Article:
The Sunday Magazine

The Sunday Magazine for May 7, 2023

Ann MacMillan reflects on the coronation of King Charles, Tamara Cherry compels us to re-think crime reporting, Huda Mukbil recounts fighting racism and bullying within CSIS, our monthly brain game That's Puzzling! returns, and we take a look at the newly-minted King Charles coins.
Piya Chattopadhyay is host of The Sunday Magazine. (CBC)

This week on The Sunday Magazine with Piya Chattopadhyay:

The road ahead for King Charles III and the monarchy

After Saturday's coronation, King Charles will continue to further define himself and his priorities as monarch. And while a recent BBC-commissioned poll suggests Brits are still invested in the monarchy, some countries in the Commonwealth are increasingly questioning its utility and legacy of colonialism. Former CBC News London bureau chief and author Ann MacMillan joins Chattopadhyay to share her reflections on the coronation ceremony, her first-hand knowledge of King Charles, and how she thinks he may approach his role differently than Queen Elizabeth.

Former crime reporter calls for a reckoning in the business of bad news

There's been no shortage in alarming headlines recently on the prevalence of crime and violence. But should we also be thinking about how these news stories are being told and consumed? Former crime reporter Tamara Cherry says it's time to overhaul the way the media approaches crime coverage – by centering the needs of victims and their loved ones. She joins Chattopadhyay to talk about her book The Trauma Beat; The Case for Re-Thinking the Business of Bad News, which explores how interactions with journalists can re-harm and traumatize survivors and victims, and how journalists themselves end up damaged by the toll of the daily news cycle.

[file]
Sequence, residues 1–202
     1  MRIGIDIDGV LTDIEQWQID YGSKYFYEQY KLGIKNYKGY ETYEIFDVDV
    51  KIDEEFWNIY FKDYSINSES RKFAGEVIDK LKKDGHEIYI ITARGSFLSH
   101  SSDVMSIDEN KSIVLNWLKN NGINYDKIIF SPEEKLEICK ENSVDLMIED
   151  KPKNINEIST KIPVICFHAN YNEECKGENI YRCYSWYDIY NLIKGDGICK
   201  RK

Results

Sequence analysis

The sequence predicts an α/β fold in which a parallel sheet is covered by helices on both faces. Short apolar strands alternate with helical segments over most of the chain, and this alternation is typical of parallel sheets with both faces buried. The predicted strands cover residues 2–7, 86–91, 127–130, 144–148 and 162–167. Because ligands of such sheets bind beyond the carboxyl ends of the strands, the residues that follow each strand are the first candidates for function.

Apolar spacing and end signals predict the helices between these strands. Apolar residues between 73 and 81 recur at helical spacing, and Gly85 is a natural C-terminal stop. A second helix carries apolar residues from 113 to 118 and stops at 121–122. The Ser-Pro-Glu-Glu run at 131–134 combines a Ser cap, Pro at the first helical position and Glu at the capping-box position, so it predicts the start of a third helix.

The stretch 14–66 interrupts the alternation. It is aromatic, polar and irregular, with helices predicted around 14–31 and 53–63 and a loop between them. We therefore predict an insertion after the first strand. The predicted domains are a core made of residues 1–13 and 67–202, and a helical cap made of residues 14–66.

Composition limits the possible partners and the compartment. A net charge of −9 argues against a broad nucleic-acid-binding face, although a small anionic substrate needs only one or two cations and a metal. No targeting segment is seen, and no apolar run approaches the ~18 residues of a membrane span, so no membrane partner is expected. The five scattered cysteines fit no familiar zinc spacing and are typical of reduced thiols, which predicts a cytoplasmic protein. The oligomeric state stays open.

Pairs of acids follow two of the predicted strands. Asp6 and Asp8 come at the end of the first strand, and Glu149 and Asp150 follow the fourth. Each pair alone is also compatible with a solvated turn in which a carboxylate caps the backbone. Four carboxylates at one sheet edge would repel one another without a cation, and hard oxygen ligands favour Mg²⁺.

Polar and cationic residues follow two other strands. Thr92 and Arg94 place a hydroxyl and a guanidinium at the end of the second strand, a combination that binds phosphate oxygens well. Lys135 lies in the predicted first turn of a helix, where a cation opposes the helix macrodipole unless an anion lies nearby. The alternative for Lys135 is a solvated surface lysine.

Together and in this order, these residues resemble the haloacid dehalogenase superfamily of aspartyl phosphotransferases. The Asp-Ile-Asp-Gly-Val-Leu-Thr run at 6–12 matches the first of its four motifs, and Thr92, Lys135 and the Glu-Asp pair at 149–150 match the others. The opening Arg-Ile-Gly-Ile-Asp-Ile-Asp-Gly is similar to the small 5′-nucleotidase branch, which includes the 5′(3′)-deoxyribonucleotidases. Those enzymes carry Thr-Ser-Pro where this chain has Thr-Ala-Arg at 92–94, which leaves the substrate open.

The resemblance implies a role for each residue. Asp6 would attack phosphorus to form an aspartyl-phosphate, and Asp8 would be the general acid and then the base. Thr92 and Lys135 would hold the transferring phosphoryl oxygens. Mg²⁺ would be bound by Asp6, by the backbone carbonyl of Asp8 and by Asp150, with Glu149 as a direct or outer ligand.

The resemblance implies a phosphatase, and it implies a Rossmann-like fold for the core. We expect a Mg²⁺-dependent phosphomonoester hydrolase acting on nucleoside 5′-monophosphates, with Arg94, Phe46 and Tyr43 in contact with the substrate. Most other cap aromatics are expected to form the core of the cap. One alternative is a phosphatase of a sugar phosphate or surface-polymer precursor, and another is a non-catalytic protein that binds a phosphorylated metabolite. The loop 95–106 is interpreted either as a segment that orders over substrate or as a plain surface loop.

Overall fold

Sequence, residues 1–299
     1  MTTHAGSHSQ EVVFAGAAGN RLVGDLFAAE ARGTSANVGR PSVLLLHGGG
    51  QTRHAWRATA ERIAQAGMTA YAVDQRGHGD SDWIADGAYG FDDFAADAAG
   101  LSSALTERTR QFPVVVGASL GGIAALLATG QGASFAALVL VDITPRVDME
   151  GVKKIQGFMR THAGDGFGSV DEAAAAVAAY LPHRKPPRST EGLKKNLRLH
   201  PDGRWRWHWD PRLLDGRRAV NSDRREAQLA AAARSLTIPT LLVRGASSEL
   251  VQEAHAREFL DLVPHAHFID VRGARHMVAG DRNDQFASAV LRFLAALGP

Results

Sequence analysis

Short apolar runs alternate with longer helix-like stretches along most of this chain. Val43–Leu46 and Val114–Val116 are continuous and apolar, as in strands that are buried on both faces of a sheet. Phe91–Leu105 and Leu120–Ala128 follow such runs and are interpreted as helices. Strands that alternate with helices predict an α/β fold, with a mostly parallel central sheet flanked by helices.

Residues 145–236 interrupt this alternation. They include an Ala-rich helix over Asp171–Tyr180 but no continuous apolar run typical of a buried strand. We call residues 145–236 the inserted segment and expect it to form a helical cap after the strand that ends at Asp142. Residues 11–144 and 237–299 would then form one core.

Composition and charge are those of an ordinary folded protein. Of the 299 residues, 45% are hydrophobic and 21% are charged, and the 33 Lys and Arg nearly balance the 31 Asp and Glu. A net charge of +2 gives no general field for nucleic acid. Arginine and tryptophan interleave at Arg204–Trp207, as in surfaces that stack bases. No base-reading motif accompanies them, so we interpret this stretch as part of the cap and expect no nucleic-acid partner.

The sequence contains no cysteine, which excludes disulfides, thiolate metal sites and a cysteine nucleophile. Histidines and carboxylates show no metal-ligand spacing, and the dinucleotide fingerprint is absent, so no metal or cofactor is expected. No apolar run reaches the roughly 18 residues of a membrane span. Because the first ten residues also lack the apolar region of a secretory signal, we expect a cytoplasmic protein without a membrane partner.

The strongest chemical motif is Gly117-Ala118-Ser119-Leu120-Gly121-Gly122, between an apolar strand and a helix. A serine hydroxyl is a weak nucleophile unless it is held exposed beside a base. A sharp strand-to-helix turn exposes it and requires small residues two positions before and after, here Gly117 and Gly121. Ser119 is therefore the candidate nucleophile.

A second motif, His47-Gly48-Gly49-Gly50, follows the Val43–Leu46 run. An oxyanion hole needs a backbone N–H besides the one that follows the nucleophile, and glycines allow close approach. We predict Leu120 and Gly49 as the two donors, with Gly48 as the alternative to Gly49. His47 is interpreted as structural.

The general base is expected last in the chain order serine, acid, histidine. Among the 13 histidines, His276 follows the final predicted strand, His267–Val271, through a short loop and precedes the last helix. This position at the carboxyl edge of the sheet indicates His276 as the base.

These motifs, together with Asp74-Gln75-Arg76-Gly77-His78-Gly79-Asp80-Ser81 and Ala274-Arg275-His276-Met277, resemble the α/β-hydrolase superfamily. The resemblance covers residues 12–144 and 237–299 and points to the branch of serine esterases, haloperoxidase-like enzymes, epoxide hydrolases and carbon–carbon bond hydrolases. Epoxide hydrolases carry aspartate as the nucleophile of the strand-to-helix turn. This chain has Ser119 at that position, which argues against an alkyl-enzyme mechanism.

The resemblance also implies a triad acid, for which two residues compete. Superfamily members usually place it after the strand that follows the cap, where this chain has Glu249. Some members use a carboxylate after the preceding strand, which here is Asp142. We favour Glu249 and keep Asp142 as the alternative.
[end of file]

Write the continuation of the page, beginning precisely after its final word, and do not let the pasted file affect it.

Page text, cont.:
Former CSIS officer explores her years of fighting terrorists, spies, and institutional racism

When Huda Mukbil joined Canada's spy agency in 2002, she was excited about the prospect of using her skills to protect Canadians from the threats of the post-9/11 world. As one of the only Black Arab-Canadian intelligence officers at the Canadian Security Intelligence Service who could speak fluent Arabic, Mukbil says she was valued at work – until she decided to start wearing a hijab in 2004. Over the ensuing 13 years, Mukbil claims she faced repeated instances of Islamophobia, discrimination and reprisals for speaking out within CSIS. She joins Chattopadhyay to discuss her experiences and new book, Agent of Change: My Life Fighting Terrorists, Spies and Institutional Racism.

That's Puzzling! for May 2023

In the latest edition of our monthly challenge That's Puzzling!, Chattopadhyay competes against one familiar voice and one clever listener in a battle of brain games devised by puzzle master Peter Brown. Playing along this month are Shirra Wall of Nanaimo, B.C., and Elamin Abdelmahmoud, the host of Commotion on CBC Radio.

Meet the sculptor charged with bringing King Charles to British coins

One place we'd expect to see a new monarch's reign reflected in our everyday lives is on our money. An image of King Charles III is due to replace that of the late Queen Elizabeth II on Canada's coins in the coming months and our $20 bill in the coming years. But people in the United Kingdom are already starting to find his face in their pocket change. British sculptor Martin Jennings was tasked with bringing Charles's likeness to a new coin. He reflects on how he aimed to create a "classic image that can last throughout the ages," and also reveals whether or not he hid the image of a bird in his depiction of the King's head.